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CORDIS - Résultats de la recherche de l’UE

Leveraging Binary Analysis to Secure the Internet of Things

Periodic Reporting for period 4 - BASTION (Leveraging Binary Analysis to Secure the Internet of Things)

Période du rapport: 2019-09-01 au 2020-02-29

Despite many years of intensive research and development on secure computer systems, the number of successful attacks, and their degree of severity, continues to increase every year. Within the BASTION project, we tackle this challenge and develop methods that leverage binary analysis techniques to improve the security within the Internet of Things (IoT) and other kinds of (embedded) devices. More specifically, we address the challenge of securing legacy systems given that widely-deployed systems that are critical for our society were developed in an ad-hoc, security-ignorant fashion. This legacy code is heterogeneous and often highly complex and thus represents a constant flow of newly uncovered security issues that adversaries can exploit. We concentrate on the software level since this enables us to both analyze a given device for potential security vulnerabilities and add security features to harden the device against future attacks. We focus on issues that pose fundamental research problems and that are crucial for significantly improving computer security; they are, therefore, also of great social and economic value.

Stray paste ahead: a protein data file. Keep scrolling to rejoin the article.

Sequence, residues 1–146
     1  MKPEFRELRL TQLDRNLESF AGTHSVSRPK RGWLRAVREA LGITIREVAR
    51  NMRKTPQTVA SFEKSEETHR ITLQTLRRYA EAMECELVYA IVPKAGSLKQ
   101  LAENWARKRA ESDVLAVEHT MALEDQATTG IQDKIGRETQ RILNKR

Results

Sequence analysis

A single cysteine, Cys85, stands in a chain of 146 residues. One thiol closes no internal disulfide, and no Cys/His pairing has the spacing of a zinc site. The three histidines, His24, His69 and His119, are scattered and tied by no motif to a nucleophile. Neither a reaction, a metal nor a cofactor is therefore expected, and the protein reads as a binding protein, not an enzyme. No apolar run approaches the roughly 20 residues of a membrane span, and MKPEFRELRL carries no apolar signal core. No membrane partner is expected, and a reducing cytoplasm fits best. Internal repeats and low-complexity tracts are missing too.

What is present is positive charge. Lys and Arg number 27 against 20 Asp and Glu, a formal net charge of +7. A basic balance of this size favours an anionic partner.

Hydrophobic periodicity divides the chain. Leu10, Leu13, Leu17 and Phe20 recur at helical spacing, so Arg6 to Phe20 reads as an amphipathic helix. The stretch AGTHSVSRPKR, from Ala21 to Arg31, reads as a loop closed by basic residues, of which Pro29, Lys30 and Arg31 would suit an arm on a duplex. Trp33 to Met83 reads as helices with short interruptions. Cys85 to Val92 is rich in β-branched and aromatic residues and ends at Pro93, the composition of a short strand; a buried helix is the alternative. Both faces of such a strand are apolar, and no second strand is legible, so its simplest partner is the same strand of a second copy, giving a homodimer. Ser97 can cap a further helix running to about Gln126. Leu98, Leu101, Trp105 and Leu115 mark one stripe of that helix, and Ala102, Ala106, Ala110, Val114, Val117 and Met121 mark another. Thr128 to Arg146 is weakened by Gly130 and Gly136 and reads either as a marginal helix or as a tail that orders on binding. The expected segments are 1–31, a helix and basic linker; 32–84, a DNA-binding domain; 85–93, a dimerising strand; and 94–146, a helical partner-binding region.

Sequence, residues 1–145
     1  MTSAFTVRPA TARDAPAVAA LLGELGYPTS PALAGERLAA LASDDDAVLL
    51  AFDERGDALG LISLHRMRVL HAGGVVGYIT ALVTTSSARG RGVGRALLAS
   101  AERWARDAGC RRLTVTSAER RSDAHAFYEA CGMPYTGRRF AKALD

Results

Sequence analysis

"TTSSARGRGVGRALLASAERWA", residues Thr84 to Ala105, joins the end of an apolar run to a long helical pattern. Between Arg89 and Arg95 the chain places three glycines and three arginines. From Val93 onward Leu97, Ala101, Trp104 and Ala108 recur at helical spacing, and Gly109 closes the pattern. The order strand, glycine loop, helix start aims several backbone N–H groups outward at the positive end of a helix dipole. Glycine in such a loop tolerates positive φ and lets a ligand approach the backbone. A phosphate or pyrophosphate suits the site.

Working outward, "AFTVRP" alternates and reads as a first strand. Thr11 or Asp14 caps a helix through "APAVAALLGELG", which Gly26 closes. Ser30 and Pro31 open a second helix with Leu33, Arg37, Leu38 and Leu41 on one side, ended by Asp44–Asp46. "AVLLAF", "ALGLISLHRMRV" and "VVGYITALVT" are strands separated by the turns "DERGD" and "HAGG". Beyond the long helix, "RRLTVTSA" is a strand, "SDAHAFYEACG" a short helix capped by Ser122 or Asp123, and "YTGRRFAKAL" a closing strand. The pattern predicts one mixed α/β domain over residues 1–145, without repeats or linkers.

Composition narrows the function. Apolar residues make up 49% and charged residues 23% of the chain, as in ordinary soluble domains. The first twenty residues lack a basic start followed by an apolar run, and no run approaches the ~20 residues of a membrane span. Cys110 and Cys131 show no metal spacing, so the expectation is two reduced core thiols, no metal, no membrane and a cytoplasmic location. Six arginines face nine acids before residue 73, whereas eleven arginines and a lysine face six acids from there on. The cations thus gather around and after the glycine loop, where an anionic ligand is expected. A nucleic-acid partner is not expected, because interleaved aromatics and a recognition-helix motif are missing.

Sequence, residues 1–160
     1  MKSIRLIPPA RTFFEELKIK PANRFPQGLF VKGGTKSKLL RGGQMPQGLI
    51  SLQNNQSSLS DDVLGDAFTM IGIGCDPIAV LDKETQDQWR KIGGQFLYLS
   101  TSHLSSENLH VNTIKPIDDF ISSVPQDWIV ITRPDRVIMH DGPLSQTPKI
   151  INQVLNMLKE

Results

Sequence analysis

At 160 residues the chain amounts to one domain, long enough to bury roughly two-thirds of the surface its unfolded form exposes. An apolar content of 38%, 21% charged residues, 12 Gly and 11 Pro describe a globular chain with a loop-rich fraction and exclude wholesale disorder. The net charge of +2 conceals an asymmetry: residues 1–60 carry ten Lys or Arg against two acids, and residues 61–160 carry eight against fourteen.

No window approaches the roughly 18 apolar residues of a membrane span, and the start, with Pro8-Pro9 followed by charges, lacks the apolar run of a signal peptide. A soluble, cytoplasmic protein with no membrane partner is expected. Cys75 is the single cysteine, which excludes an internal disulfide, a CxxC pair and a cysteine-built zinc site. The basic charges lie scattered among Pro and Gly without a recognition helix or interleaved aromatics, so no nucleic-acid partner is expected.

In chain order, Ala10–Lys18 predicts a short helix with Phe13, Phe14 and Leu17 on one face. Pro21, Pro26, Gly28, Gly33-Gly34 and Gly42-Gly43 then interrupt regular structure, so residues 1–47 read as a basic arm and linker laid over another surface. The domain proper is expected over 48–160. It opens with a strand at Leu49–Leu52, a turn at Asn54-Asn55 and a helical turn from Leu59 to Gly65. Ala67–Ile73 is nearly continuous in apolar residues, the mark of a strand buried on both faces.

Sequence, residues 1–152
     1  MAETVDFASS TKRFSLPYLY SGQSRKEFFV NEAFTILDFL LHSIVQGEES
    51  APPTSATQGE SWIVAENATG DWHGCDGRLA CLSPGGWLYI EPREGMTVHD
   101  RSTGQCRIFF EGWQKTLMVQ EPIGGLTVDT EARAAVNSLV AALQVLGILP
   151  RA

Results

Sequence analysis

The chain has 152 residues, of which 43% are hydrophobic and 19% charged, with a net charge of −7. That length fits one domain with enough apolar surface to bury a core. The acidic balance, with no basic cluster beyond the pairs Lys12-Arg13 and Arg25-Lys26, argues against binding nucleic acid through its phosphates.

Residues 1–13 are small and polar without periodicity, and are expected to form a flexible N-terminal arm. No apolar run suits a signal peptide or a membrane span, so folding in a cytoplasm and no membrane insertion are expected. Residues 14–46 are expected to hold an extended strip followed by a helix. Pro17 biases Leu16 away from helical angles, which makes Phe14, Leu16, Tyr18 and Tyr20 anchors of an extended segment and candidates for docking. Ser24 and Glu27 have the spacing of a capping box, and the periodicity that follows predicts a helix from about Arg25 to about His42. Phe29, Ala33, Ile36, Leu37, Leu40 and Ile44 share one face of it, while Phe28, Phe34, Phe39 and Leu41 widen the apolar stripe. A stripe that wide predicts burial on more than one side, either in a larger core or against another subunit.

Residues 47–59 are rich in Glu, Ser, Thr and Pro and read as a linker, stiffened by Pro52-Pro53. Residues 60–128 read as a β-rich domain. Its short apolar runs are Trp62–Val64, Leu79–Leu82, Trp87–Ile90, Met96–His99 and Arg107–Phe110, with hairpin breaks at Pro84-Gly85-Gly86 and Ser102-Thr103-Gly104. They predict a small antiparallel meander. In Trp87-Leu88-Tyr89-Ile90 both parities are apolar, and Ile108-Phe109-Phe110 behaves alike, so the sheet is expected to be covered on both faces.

Our analysis methods concentrate on binary executables, i.e. the code that is actually executed by the processor, and especially firmware (i.e. purpose-built software that is tightly-coupled to its hardware). This design choice is based on the fact that we typically do not have access to source code given that we often deal with closed-source systems that we want to analyze (e.g. some kind of embedded system that is not fully documented by the vendor). Little to nothing is typically know about the security aspects of such systems and hence we want to analyze them for potential vulnerabilities and obtain insights into their operations. In the first part of the project, we designed an intermediate language to abstract away from the concrete assembly level and this enables an analysis of many different platforms within a unified analysis framework. For example, we used the techniques developed within BASTION to analyze the firmware image used in engine control units (ECUs) within cars to study how the Volkswagen defeat devices ("Dieselgate") works and also used the same underlying methods to study the microcode within Intel x86 CPUs. Our analysis techniques are based on the whole body of work on program analysis techniques developed in the past three decades: we transferred and extended control- and data-flow analysis techniques and also symbolic execution to our intermediate language and the resulting analysis techniques enable a fine grained and fast analysis of a given binary executable. During this project, we developed several advanced binary analysis techniques that help us to either uncover security vulnerabilities in a given system or helped us to implement generic defense techniques that can protect (embedded) systems against different kinds of attacks.